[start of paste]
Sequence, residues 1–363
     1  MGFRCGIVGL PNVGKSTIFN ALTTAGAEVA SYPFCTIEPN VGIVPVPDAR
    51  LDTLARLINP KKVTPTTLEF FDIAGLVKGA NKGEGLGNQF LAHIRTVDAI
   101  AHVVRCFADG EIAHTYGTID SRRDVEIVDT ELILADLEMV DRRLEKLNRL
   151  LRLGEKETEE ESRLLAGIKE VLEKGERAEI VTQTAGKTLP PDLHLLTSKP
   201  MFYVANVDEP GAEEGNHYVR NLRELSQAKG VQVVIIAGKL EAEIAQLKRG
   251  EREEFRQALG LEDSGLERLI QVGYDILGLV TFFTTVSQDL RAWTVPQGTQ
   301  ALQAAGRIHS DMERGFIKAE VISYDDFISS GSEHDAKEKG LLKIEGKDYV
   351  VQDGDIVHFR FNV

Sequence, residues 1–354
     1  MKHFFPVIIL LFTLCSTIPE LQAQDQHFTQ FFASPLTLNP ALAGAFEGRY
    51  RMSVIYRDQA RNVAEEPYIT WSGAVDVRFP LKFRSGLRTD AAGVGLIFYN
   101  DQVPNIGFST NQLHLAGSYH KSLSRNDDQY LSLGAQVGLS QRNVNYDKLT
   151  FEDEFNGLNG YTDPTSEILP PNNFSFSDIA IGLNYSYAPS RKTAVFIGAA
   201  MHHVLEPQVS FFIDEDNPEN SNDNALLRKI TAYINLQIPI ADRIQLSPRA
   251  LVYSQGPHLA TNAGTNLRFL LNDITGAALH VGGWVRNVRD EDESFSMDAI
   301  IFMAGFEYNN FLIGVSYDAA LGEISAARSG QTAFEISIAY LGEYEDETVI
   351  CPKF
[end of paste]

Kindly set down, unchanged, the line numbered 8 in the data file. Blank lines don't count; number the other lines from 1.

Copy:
   301  ALQAAGRIHS DMERGFIKAE VISYDDFISS GSEHDAKEKG LLKIEGKDYV